Wednesday, May 02, 2007

Still More Thoughts on Measurement for Product Managers

I think yesterday’s comments on lifetime value and product reporting need a bit of clarification. It’s important to distinguish measurements of customer acquisition efforts from measurements of other customer contacts. With acquisition, lifetime value in as a formal financial measure is very important and widely accepted, even though the actual calculation often does not include the full scope of future cross sales and other ancillary values. Here, the sort of attitude measures I was proposing as a more-accessible proxy for future value calculations are neither necessary nor appropriate.

Once a customer is acquired, it becomes much more plausible to consider each sale as independent. This is where product- and promotion-specific metrics are often used without consideration of their future value impact. It’s also difficult to measure the true incremental impact on future value of any one promotion or purchase (or other contact, such as product use or customer service.) Since future value is less obviously needed and more difficult to calculate, there’s little wonder it is used so rarely in these situations.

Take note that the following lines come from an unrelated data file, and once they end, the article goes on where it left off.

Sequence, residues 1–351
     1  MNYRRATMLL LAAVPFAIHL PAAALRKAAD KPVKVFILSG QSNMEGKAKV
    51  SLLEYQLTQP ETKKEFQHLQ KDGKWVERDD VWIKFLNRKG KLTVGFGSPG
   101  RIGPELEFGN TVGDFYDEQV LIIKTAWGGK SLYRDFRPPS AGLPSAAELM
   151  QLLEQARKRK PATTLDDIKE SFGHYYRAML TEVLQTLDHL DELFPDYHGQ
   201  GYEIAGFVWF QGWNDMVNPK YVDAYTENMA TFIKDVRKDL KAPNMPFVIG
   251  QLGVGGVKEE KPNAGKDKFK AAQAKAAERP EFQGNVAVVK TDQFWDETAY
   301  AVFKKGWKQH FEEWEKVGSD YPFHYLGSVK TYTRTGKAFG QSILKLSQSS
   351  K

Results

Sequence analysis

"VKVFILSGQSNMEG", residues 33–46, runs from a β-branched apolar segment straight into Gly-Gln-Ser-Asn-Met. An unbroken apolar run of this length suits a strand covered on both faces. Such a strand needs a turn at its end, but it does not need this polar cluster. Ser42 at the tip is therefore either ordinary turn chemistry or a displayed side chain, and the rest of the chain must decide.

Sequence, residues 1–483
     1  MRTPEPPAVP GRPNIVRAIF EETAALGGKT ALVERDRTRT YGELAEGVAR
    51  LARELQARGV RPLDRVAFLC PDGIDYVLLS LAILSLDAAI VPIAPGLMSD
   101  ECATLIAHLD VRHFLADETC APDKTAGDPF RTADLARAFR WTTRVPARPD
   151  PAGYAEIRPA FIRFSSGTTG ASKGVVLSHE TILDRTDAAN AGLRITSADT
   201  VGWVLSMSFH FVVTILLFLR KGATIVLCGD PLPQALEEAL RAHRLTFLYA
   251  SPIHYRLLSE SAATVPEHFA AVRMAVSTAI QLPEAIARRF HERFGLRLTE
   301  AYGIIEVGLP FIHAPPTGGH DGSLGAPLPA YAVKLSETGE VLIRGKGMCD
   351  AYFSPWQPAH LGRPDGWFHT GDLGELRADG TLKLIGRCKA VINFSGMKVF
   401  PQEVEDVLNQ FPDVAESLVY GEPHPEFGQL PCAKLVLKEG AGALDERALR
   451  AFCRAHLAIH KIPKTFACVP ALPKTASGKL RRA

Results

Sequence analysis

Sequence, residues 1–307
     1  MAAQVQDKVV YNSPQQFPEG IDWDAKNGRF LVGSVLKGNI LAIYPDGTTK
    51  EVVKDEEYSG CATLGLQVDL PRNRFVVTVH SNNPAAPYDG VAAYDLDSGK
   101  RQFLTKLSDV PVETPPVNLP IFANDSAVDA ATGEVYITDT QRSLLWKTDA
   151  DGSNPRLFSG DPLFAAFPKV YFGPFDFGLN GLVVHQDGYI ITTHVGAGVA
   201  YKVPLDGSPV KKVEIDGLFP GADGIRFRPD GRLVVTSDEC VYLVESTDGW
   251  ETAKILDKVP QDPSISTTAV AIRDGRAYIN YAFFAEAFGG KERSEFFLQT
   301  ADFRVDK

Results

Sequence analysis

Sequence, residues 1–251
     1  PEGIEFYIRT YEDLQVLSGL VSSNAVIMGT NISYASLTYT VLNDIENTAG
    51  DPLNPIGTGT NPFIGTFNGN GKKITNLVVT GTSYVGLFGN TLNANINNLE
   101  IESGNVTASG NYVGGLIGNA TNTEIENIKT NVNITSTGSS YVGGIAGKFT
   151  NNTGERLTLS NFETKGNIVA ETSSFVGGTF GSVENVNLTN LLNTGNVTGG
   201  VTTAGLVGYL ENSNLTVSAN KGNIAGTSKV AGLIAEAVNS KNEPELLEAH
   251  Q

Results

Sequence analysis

I haven’t changed my position: understanding the future value impact of each contact is still the only way to truly optimize business results. But this distinction does suggest that companies might start by improving the accuracy of their acquisition LTV measurements, for example by ensuring they include results across all product lines. This will be easier for managers to understand and accept, while laying the data and analytical foundation needed for the later, more challenging task of measuring incremental value changes from post-acquisition contacts.

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